assert {
    # "match" could be used instead of "condition"
    match {
      got       = module.helper_acm_validation.certificate_domains
      want      = { "test-app.constr.manual.foobar.com" = [] }
      want_type = map(list(string))
    }
    error_message = "Invalid value for certificate_domains output."
  }

I would imagine the rule for the above being that Terraform will first test whether got’s type matches want_type, returning an error immediately if not, but would then convert want to that type and test whether that converted value is equal to got, using the same rules as the == operator but with the types matching.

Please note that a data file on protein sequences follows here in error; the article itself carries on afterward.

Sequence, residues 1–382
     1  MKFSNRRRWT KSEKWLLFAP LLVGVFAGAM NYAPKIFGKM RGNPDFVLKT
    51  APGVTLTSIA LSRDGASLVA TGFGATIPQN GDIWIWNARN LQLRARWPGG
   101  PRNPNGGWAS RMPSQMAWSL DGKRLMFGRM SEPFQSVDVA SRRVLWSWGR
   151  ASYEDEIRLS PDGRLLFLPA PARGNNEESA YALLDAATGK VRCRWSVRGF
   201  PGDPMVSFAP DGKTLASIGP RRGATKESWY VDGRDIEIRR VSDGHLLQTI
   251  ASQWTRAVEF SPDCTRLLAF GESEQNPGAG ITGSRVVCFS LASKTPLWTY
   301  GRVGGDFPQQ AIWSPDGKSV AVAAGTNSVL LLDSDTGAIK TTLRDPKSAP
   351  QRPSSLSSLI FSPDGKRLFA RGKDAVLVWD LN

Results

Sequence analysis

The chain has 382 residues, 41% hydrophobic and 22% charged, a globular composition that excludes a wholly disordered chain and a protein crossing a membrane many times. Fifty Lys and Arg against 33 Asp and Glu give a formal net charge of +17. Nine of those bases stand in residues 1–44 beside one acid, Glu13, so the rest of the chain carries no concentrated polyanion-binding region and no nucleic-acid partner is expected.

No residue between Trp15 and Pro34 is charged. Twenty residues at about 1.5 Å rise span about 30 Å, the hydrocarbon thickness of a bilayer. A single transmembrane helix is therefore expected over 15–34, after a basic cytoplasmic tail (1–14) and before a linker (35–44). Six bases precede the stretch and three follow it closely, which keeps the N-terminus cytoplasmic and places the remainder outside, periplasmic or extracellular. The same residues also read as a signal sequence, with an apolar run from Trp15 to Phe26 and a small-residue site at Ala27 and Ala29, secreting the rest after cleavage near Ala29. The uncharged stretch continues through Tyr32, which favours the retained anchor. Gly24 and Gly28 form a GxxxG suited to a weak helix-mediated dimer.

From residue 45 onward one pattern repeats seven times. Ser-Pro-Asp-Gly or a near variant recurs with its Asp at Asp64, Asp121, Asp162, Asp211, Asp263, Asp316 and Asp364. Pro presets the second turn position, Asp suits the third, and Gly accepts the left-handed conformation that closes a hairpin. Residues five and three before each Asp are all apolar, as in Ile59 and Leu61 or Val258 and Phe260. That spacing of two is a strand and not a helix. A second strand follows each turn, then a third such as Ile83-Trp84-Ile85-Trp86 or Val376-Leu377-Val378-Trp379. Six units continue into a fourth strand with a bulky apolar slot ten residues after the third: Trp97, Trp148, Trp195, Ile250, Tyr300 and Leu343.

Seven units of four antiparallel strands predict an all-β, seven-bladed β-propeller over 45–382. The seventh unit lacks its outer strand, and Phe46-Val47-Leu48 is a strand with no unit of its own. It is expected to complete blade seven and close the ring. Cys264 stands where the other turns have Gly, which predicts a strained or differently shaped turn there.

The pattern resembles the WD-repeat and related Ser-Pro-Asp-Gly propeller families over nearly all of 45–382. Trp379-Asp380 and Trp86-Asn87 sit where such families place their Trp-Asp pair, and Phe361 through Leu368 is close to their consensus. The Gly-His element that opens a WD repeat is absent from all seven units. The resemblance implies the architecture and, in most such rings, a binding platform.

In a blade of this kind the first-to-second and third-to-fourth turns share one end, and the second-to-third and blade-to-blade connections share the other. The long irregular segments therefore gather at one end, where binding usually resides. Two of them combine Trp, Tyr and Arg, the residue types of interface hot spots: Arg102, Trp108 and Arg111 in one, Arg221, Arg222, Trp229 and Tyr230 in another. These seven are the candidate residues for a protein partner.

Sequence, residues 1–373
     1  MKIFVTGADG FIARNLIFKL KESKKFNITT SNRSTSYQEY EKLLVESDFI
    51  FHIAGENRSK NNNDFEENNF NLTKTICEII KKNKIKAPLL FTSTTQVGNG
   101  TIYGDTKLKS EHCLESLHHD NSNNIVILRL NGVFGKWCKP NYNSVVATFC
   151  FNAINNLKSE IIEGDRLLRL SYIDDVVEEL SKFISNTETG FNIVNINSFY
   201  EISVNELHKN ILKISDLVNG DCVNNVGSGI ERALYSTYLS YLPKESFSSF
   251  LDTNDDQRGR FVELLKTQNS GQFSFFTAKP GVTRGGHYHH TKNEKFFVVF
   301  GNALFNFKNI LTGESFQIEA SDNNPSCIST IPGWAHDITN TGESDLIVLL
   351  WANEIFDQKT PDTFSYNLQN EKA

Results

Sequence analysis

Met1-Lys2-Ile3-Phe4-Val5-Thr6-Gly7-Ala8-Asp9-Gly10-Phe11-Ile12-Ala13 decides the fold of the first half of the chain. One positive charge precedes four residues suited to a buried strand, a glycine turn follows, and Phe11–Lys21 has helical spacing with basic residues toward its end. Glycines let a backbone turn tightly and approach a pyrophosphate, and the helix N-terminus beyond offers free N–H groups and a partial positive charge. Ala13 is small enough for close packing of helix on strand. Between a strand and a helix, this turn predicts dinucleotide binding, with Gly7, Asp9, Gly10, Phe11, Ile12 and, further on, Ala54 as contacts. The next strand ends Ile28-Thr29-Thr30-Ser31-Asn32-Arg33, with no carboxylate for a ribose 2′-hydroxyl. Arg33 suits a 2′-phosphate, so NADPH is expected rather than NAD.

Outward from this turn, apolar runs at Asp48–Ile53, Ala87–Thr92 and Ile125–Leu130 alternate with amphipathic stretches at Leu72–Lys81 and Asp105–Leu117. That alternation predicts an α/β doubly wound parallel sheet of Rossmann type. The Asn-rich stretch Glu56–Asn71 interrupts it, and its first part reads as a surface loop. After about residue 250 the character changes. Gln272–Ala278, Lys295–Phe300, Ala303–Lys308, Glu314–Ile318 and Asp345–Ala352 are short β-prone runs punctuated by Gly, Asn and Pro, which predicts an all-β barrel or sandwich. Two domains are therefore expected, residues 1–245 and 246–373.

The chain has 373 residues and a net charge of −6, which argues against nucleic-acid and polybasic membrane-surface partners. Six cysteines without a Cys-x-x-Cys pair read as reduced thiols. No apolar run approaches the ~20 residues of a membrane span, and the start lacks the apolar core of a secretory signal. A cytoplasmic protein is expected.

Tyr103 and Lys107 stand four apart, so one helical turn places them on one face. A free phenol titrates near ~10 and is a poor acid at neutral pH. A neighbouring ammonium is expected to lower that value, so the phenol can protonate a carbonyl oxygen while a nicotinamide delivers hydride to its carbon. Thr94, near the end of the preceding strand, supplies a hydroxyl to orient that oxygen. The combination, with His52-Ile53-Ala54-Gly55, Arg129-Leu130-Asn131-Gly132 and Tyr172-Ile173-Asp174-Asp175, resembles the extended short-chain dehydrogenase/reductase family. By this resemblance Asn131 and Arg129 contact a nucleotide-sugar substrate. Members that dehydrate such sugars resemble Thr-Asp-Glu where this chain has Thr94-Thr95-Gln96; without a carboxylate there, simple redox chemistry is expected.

It would also be valid to use want_type alone to check that the type is what was expected without considering the value, or to use want alone in which case it would be like want_type = any and you’d get the same situation you encountered with your original question, but it would work fine in the simple case of just comparing two primitive-typed values, like two strings.

This condition-block-specific answer is at least not blocked by historical language design problems, so has a more likely path to success but does still need to overcome the usual concern of it overlapping with part of the functionality of an existing pattern and thus creating more than one way to do something, which causes uncertainty for new authors as they try to figure out which one to use. It’s probably worth it for providing an alternative to this common gotcha, though.